Friday, February 17, 2023

Review: Baseball at the Abyss (2023)

By Dan Taylor

Let's go back in time almost a century, to the baseball offseason of 1926-27. It was almost a bad news/good news time when it came to the health of the sport. 

The bad news was that two of the greatest players in baseball, Ty Cobb and Tris Speaker, had become involved in something of a gambling scandal. This was not exactly welcome, since baseball still was recovering from the stain of the fixed World Series of 1919 featuring the Chicago "Black Sox." On the other hand, Babe Ruth was enjoying his full rebound from a mediocre 1925 season, as he put up his usual astronomical numbers in 1926 for the New York Yankees. He was the game's biggest star.

That's the setting for "Baseball at the Abyss," Dan Taylor's book on a somewhat peculiar time in the sport's history - the fall of 1926 to the fall of 1927.

The premise of the book is that major league baseball was poised to take another body shot to its reputation. Luckily, the gambling situation was overshadowed by the exploits of Ruth, who would go on to have one of his greatest seasons and who would lead his Yankees to one of the most dominating years in history. 

The Cobb/Speaker situation probably is the most interesting one, even though it probably ranks as something of a subplot here. The story is relatively unknown. The pair had gotten together with Dutch Leonard and Joe Wood to wager money on a 1919 series in the regular series. The four men later wrote letters to each other about the circumstances of the bet after the fact. The letters proved handy after Leonard thought he received a raw deal from player/manager Cobb with the Detroit Tigers several years later. Leonard handed the letters to the baseball authorities, and Judge Kenesaw Landis, the commissioner, launched an investigation. 

It's interesting to note that Landis, who became famous for cleaning up after the Black Sox scandal, opted to do very little this time around. Cobb and Speaker left their respective teams (Detroit and Cleveland), and finished out their careers in new locations.

Meanwhile, Ruth was watching all of this from Los Angeles - or more to the point, Hollywood. He was the star of a movie in production. It was one of the business ideas from Christy Walsh, who had become Ruth's manager. The Bambino had all sorts of business opportunities come his way during the 1920s, and needed help sorting out the legitimate ones. Walsh did that - the first pro athlete to go that route. The manager also had another idea - offseason training. Considering Ruth was past the age of 30 and was a man of many large appetites, this was a good idea. 

Ruth and the '27 Yankees had a record-setting year. Ruth hit 60 home runs to break his own standard for a single season, and the team - with a lineup nicknamed "Murderers' Row" - swept through the American League and the World Series like Sherman went through Georgia. Ruth's chase received plenty of publicity along the way, in part because another slugger in the Yankees' lineup, Lou Gehrig, kept up with Ruth in homers for much of the season. The race captured the public's attention.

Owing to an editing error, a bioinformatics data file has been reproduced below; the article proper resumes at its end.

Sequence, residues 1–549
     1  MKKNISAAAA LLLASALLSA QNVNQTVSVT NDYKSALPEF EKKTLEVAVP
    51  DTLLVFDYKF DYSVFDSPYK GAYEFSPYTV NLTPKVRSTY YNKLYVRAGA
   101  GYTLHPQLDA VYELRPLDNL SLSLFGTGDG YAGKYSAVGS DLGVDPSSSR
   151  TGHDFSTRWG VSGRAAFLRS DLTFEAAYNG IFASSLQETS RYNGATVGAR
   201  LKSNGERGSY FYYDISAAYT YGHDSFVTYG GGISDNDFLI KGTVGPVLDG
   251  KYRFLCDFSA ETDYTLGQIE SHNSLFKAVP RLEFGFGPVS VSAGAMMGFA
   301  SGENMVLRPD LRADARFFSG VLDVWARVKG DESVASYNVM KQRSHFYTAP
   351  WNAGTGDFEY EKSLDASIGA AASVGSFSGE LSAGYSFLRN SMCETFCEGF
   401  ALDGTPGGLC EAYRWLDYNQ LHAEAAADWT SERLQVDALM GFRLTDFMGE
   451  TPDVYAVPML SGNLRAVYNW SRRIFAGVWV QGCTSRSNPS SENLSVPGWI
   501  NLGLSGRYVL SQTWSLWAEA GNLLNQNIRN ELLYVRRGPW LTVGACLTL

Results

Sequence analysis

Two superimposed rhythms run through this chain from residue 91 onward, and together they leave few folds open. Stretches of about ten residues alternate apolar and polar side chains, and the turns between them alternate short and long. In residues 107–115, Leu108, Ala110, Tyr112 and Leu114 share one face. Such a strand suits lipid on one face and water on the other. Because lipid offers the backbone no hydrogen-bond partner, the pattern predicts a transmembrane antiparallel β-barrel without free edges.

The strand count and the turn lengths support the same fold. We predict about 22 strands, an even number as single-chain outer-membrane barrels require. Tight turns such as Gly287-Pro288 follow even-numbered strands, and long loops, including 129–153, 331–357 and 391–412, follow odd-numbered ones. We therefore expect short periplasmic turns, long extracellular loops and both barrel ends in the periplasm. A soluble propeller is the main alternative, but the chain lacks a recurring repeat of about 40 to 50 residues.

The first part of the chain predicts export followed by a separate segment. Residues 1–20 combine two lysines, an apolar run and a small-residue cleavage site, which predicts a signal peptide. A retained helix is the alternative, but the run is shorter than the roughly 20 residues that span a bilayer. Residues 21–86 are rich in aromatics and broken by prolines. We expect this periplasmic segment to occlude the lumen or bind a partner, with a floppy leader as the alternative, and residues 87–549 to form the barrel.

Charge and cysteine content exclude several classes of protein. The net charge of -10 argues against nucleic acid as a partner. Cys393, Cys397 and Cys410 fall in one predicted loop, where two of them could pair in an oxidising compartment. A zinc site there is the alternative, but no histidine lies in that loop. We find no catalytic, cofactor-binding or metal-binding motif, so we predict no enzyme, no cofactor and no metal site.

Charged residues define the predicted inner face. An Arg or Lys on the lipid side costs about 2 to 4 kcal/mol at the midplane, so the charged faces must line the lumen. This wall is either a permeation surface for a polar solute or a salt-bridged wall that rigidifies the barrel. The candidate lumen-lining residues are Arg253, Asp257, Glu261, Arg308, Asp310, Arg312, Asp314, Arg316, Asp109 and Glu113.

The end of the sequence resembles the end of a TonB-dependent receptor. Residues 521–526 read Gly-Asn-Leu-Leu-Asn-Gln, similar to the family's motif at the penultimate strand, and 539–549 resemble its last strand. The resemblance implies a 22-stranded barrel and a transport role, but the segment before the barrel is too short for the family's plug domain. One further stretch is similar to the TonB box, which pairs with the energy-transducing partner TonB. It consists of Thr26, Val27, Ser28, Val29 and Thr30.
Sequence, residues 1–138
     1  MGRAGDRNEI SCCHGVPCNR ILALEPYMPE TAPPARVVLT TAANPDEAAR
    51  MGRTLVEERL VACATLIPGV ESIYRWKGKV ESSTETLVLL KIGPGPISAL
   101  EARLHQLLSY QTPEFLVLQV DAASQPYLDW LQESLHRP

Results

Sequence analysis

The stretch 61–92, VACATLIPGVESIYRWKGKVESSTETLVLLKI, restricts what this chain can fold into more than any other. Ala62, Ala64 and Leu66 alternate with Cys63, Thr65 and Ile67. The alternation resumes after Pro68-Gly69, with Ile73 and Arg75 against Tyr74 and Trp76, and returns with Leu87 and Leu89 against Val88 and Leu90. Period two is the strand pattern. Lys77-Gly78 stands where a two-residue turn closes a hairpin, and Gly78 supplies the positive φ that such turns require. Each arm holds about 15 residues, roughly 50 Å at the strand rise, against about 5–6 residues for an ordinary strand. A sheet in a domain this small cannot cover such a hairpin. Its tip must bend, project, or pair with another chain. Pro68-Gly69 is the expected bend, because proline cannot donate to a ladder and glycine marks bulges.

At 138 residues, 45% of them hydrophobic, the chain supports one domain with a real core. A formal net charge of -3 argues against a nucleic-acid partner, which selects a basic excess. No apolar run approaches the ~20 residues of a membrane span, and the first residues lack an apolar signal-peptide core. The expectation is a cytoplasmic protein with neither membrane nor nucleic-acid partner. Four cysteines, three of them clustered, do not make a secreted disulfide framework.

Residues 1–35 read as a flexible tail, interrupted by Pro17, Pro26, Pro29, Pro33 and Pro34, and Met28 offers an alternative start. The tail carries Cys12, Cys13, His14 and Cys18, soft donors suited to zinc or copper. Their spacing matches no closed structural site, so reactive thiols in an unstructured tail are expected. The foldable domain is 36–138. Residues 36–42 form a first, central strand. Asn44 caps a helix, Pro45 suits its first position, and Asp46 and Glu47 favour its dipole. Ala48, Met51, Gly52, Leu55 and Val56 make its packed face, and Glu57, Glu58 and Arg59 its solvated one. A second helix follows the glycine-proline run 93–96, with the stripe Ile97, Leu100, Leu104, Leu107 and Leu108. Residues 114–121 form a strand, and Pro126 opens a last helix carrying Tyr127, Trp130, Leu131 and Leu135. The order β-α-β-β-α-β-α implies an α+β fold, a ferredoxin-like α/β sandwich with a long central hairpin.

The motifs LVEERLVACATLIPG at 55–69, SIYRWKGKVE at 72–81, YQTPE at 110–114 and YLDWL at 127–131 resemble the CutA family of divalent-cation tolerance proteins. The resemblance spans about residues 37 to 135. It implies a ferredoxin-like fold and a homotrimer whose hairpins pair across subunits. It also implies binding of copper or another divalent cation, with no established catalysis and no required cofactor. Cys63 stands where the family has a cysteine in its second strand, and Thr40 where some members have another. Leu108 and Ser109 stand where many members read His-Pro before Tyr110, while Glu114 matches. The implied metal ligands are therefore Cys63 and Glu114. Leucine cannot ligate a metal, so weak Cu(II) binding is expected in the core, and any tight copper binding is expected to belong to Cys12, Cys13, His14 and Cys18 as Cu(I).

That's the setting. But does it turn into a worthwhile book? That's a more difficult judgment. Author Dan Taylor certainly put in the hours to go through reference material, particularly newspapers from those days. His writing is fine. But there are a couple of good-sized problems here.

First, it's a short book by any standard. It checks in at less than 180 pages of text (lots of footnotes), which isn't much for something that costs $36. Some of those pages are devoted to Ruth's movie-making time, which really has little to do with baseball's rebounding from the Cobb/Speaker scandal. (The movie, by the way, didn't do too well, in part because of sound issues.) And it's not easy to make Ruth's bid for 60 homers be too interesting almost a century later, as the outcome is so well known.

Second, outside perspective on this story is missing. It's most obvious during the portions on the gambling scandal, where experts are needed to put matters into context. Should the players have been banned from baseball on the spot? Would the outcome been different if the letters had become public earlier in the 1920s? Would lesser players have been treated differently? Was Cobb's vigorous public defense of his actions justified, and did it make him look less than honest from today's viewpoint?

But the lack of perspective also applies to coverage of the Yankee team, which was considered the best team of all time through the 1960s at least. Certainly others weighed in on Ruth and the rest of the team over the years in hindsight - including the principals themselves - but there's none of that here. It would have filled out the book and given it more scope.

Taylor weighs in with the concept that the Yankee team was about the only reason fans went to the ballpark in 1927, because Ruth and Company were such attractions. I'd argue that such a noncompetitive pennant race meant the Yankees were one of the few compelling stories out there in '27, as there wasn't an important game played all year. A balanced league might have led to a pennant race with two or more teams in which the suspense built up during the course of 154 games, which would have led to bigger crowds in other cities. 

Therefore, "Baseball at the Abyss" probably doesn't work as well as it could have. Those interested in that part of baseball history will find it reasonably entertaining, but it's more of a missed opportunity.

Two stars

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